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Archive for the 'rant' Category

The Secret to Human Success is Multiculturalism

Thursday, May 21st, 2020

Back in the day, when I was an under-educated dipshit with right wing leanings, I would repeat a popular right wing mantra that multiculturalism has never worked. And I never questioned the logic, regardless that it came to me third hand in the way a cult tells itself a story of identity. I was a proud white man. The story fit my conclusions. White men were special. I hate to inform anybody of this one… but we’re not special at all. We’ve just had 200 years of might is right especially if it’s white.

So I thought writing an article about this mantra might be interesting… at least for those under-educated non-thinking right wing bigots who repeat that ignorant statement. Because it turns out that multiculturalism is what brought us out of the caves and into this crazy era of the Space Age homo sapien. Not DNA diversity, not bigger brains… the sharing of culture.

DNA Diversity is not the Secret of our Success

One group of people would have you believe that our genetic diversity is the reason for the homo sapien success story. Bollocks. Although we have this diversity of appearance that we as homo sapiens recognise in the finer details of faces … there is vastly more genetic difference between chimpanzees living on one side of a river to the other than there is between human beings around the planet.

In simple English, homo sapiens are more alike around the World than chimpanzees that live locally. So, no, genetic diversity didn’t make us this successful. In fact, there was a point in our early history where one father can be linked to all males. All males on this planet are related. At a point where human beings on the planet were reduced to approximately one thousand survivors of a cataclysmic event.

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Surviving in the Age of Anti-Reality & the Rights of Internet Truthers

Monday, April 20th, 2020

In some ways I’m an easy going guy in my middle age. The angry youth evolved into a very well educated version of the earlier self that I bet not a single soul from my distant past would recognise. I have a couple of University degrees, industry IT qualifications, and I’m reasonably well (and broadly) read. But I miss ignorance; if only because traversing through this modern information landscape is a loathsome chore. Better to be ignorant and ‘one of them’, than knowledgable.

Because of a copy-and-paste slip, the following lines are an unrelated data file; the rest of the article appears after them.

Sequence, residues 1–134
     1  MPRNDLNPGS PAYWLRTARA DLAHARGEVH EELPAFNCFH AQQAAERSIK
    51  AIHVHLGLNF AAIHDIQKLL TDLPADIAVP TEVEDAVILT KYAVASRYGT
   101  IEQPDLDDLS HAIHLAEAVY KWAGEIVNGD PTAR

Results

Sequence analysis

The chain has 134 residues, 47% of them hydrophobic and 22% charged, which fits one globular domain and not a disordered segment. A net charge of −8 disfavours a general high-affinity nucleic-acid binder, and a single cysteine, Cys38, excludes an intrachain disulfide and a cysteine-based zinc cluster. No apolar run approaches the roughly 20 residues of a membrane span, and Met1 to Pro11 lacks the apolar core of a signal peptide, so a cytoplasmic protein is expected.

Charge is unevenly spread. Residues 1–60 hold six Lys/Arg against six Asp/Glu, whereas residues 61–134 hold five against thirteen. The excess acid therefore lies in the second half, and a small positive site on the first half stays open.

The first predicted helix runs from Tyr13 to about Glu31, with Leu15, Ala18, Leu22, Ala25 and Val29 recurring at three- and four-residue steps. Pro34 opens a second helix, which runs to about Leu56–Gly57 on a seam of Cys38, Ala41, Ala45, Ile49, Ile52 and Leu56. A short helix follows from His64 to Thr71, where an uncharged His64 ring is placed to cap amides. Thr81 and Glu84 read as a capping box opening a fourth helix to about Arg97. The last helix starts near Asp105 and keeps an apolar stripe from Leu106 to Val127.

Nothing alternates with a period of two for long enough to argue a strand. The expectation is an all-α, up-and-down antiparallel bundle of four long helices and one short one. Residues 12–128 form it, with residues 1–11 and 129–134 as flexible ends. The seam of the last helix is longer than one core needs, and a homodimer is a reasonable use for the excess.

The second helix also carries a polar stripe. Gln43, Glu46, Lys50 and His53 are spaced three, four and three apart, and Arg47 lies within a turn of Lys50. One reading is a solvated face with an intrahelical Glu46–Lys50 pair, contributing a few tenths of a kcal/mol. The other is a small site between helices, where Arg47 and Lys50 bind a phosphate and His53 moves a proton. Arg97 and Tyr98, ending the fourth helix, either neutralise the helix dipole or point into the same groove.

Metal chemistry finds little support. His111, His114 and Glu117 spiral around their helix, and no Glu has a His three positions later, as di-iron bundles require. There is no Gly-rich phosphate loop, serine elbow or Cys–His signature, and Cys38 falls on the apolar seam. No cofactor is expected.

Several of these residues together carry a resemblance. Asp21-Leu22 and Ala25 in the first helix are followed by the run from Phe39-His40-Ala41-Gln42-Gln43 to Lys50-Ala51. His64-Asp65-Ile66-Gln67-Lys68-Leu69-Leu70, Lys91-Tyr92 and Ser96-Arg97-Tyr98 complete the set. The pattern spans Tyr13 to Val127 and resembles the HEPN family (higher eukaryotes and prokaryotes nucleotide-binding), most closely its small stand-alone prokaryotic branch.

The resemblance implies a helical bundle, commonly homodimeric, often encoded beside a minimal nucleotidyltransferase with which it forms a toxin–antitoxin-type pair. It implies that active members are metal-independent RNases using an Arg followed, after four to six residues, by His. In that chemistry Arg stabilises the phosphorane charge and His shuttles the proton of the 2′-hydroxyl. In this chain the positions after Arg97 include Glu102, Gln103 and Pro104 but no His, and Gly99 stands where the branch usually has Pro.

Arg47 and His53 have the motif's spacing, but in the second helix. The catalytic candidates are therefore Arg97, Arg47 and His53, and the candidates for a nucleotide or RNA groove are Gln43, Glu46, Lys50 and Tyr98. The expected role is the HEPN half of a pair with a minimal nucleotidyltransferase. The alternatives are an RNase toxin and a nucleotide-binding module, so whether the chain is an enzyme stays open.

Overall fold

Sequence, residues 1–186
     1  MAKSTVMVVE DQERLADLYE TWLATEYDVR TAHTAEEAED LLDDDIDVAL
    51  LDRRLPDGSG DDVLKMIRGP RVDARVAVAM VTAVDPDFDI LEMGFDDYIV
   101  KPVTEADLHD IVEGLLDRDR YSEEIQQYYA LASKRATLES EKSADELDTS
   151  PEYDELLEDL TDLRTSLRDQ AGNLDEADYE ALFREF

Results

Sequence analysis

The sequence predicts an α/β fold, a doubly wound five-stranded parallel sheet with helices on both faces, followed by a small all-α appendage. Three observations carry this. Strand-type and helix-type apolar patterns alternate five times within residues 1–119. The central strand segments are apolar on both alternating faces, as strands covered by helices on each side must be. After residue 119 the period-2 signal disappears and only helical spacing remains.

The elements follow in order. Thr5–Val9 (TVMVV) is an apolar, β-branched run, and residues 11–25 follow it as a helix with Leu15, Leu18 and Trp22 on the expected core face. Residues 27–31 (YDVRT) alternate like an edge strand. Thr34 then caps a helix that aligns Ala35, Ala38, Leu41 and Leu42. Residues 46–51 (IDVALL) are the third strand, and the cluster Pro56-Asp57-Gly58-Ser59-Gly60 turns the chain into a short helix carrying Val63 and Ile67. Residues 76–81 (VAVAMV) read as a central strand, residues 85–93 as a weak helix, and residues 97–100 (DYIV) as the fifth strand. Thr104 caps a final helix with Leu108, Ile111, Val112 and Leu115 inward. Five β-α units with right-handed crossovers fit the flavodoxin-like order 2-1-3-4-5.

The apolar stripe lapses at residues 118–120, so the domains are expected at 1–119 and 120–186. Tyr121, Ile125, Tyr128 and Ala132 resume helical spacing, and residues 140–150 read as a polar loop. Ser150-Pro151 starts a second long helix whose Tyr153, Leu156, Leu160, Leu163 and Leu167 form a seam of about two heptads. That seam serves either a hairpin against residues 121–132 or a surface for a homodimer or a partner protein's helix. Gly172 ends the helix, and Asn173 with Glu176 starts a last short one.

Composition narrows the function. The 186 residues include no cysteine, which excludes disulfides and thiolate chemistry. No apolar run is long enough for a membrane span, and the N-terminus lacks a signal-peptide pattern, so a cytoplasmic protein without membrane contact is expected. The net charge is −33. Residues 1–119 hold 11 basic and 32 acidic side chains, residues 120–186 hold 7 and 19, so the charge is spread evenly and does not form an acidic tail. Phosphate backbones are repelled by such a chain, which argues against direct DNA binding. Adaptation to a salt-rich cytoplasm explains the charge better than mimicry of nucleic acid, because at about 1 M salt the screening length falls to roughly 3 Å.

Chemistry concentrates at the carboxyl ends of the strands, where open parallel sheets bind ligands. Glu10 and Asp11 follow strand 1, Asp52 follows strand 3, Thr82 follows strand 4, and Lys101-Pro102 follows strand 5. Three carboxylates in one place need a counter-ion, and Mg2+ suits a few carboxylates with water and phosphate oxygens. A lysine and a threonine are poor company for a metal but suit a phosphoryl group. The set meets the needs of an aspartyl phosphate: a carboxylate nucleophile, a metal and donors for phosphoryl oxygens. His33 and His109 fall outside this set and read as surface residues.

To understand me you only really need to know the things that are core to my nature. Science. Language. Reason.

Being wrong is better than believing you are right. Being right is better than being wrong, of course. Not knowing the difference between where right and wrong are (the black box) makes me cringe inside, begging answers. And, if I say something that happens to be wrong, show me. It’s a due courtesy that facts should pass between human beings, rather than misinformation.

Misinformation is a pollution of our species. Why ever did we educate the masses only to reach this apex of ignorance and superstition?

Which begs the question: In this age of information highways and cloud based academia, how do so many people not get the facts correct? Or even know how to test the difference between truth and fiction?

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Three Almost Random Vernacular Photographs

Friday, January 10th, 2020

I’ve always been an admirer of vernacular photography. That being defined as travel and vacation photos, family snapshots, photos of friends, class portraits, identification photographs, and photo-booth images. Photography by the people and for the people, you might say. And, as I’ve aged, the power of this genre of photography has done nothing but be further enhanced by my own stories over time. After all, 90 percent of what we see in a photograph is what we bring to it as the viewer.

The first example (below) is a 1970s photograph of someone I knew rather well in an on/off roundabout villainous manner. On one occasion, totally randomly, on the day I was discharged from the Royal Australian Navy I sat on the plane beside this guy. He just had this way of popping up in my youth. Robert Jeffries died in, if I remember correctly, late 1993 along with someone else I knew quite well back in the day… so he’s long left the earth. Therefore I won’t talk about his villainy. That can rest.

Needless to say this photograph of Rob with a girl named Sylvia Skell (also deceased) is taken on the foreshore of the area of Northern Tasmanian coastline where I grew from a child to an adult. Within this vernacular photograph I can smell and feel the wind (drunken and sober); I have layered memories of these people across time; it’s much like Rebecca Solnit described in River of Shadows as the capture of space and time in a two dimensional frame. For me, at least, this is a powerful photograph.

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About the Author

Steven Clark Steven Clark - the stand up guy on this site

My name is Steven Clark and I live in the Derwent Valley in Southern Tasmania. I have an MBA (Specialisation) and a Bachelor of Computing from the University of Tasmania. I'm a mazer & a yeast farmer (making beer, fruit wine and mead as by-products of continuous improvement in my farming practices). I'm a photographer, although my film cameras are currently silent. I do not tolerate idiots. I do not tolerate bigotry. I do not tolerate excuses. Let's be clear, if you sit with my enemies you my are my enemy for life.

Blogger. Thinker. Brewer. Drinker. Life partner to the amazing and incredible Megan.

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